6 Ways to Get Employees to Care About Knowledge Sharing

June 20, 2016 (3681 Views)

Do you hear that? It’s the sound of organizational silos crashing down. As more companies embrace the cloud, they’re pushing past the obvious productivity boost that comes from being able to access documents, data, calendars and contacts from any internet-connected device. And they’re leveraging more digital environments to promote knowledge sharing.

Sure, “institutional knowledge” is just about the least sleek and sexy phrase out there. But you’ve got to find a way to motivate employees to take the info that’s in their heads, and make it accessible to everyone else. If not, the next time Jack—your company’s one-person marketing department—is out on vacation or calls in sick, work will grind to a screeching halt. (And for poor Jack, that week at the beach to recharge will instead be spent fielding frantic, sorry-to-bother-you phone calls, because no one can find a client contact.)

Muddling through a vacation or sick day is bad enough, but when an employee jumps ship for another gig, lackluster knowledge sharing can mean months of scrambling to figure out exactly what he was doing and where all the info is kept.

The good news is that trends like streaming IT naturally lend itself to easier knowledge sharing. Employees don’t have to copy and paste from their desktop files to some shared server, because the infrastructure is set up as one and the same. But simply moving to the cloud won’t make great knowledge sharing happen. Here are six ways to stoke the fires in your employees to update, share and collaborate with information across silos—so your company can operate seamlessly, no matter who is out that day.

1. Make knowledge sharing easy

Empower employees to get engaged with knowledge sharing by making it as easy and effortless as possible. Start by looking at common documents that each department may have created on their own. Is there a way to create standard templates, so someone from accounting or sales would be able to pull data from a program doc with as little head-scratching as possible? Does it make sense to centralize client contacts or incidence reports, rather than having separate files for each team? The goal is to create a shared location and language, so that employees are empowered to collaborate across silos and not feel like they’re navigating a foreign land.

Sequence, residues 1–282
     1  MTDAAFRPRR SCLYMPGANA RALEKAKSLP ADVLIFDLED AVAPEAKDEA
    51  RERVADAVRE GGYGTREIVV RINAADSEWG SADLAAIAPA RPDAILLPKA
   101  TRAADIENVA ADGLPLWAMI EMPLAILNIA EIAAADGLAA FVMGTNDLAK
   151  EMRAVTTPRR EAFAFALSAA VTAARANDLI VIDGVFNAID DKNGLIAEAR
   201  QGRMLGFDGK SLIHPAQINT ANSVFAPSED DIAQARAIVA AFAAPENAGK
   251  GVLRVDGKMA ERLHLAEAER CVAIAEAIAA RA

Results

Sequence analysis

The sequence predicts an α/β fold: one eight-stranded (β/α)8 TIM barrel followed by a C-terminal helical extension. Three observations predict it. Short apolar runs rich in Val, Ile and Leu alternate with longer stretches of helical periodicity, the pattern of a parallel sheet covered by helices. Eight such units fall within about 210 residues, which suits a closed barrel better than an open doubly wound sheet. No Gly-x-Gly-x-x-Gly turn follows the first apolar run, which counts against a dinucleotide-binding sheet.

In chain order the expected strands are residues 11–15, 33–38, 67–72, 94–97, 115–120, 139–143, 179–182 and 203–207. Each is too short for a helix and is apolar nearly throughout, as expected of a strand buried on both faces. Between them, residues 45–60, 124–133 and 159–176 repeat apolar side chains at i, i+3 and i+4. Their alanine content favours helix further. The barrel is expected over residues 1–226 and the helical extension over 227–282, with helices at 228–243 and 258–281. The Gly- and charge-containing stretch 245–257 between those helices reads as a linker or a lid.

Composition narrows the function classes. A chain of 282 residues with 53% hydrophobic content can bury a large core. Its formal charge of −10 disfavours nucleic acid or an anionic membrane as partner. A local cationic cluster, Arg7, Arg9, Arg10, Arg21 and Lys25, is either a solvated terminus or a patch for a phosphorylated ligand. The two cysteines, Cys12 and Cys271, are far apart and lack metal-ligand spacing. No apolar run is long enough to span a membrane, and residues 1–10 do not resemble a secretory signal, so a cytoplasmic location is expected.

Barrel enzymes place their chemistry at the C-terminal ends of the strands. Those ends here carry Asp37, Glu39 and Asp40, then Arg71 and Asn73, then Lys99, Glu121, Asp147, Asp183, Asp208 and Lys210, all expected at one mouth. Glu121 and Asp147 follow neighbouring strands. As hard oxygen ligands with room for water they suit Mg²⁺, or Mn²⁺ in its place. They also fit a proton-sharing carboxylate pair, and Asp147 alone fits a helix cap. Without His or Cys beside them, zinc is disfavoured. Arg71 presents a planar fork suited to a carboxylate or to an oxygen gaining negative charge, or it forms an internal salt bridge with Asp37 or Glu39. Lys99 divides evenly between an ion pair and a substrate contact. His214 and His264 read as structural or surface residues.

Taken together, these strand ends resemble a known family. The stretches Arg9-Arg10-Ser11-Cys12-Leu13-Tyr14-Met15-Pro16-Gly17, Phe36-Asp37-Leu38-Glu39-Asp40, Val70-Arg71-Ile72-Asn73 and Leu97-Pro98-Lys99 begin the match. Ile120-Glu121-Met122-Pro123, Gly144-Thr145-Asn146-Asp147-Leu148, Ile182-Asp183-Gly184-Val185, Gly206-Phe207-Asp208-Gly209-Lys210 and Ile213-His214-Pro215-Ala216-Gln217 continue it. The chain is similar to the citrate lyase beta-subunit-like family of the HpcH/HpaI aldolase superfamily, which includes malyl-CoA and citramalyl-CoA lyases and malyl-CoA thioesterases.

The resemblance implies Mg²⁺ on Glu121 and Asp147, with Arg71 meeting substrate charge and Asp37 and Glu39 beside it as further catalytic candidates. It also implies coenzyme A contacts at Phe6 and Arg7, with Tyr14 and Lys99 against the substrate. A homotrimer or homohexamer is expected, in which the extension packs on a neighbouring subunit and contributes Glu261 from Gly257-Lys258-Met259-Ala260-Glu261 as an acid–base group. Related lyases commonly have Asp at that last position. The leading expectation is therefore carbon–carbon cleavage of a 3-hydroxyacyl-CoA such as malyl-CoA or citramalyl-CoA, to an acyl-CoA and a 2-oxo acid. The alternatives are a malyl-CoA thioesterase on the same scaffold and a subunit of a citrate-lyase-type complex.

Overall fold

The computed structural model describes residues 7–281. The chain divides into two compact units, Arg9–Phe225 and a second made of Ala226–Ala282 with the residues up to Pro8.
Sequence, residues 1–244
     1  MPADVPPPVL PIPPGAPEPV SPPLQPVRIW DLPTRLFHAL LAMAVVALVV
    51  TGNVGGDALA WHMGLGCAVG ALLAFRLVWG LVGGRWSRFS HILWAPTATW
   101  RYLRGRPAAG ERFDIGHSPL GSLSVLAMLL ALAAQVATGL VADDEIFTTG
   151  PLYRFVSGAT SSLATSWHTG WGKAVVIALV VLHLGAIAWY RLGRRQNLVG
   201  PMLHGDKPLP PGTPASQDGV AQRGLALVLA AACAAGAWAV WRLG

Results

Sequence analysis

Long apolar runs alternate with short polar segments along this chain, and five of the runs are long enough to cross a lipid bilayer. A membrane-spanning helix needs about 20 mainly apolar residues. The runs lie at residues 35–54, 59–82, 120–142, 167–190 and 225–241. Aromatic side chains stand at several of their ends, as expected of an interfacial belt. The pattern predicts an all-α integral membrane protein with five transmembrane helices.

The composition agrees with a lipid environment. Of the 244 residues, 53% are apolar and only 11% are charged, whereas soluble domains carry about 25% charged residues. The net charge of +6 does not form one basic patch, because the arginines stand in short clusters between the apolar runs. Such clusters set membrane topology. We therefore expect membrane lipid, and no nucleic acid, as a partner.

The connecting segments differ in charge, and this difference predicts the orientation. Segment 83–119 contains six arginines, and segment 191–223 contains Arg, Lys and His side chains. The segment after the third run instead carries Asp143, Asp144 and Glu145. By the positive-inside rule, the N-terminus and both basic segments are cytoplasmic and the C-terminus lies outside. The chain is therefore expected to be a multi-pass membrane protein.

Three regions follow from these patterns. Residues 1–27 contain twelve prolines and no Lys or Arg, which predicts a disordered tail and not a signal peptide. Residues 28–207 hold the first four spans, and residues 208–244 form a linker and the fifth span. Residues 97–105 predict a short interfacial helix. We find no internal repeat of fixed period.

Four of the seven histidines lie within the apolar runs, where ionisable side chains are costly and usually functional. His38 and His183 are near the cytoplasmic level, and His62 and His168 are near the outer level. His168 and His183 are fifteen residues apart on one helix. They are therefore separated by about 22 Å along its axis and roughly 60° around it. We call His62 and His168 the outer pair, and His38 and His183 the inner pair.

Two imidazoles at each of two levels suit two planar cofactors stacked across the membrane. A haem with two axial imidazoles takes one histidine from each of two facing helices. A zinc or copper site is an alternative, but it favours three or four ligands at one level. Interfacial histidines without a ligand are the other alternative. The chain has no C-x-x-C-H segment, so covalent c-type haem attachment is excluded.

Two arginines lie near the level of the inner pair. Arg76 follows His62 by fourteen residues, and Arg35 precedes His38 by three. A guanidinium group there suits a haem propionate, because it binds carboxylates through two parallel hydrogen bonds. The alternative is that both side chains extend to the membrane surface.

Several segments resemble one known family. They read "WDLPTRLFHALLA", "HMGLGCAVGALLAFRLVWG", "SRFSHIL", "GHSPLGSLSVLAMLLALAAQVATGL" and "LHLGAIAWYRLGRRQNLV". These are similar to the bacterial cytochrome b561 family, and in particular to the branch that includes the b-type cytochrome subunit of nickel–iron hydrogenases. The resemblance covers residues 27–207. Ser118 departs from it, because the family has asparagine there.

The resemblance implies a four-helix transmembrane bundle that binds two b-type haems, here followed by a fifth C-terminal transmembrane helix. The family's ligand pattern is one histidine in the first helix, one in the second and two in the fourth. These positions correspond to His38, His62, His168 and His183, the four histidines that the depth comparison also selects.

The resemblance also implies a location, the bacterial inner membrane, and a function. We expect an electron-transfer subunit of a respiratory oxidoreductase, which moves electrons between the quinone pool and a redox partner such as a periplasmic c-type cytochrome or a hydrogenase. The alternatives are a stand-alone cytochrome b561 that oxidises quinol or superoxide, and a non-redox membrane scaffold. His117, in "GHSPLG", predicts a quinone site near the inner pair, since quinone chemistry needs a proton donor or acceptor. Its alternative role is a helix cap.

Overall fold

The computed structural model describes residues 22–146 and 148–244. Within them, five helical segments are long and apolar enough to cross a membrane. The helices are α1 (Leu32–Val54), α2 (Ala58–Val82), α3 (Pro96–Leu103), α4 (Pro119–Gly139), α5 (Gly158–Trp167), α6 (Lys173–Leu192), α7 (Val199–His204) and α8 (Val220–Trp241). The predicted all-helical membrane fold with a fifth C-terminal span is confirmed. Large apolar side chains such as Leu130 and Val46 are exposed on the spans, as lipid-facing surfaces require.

2. Appoint efficiency cheerleaders

If your company culture hasn’t prized knowledge sharing in the past, it’s going to take more than just templates to get people on board. Consider creating an all-star team of staff from different departments (and not just department heads!) to lay the foundation, follow-up with people about making contributions, and secure enough buy-in that employees can start to see the value in building collective intelligence. Have these change cheerleaders ask their project teams: “How can we share the info we’ve learned here?” and “Have we tapped the database to see how other teams handled similar issues?” When even a handful of people are consistently cheerleading for knowledge sharing, it’s more likely to stay on everyone’s radar.

3. Measure to motivate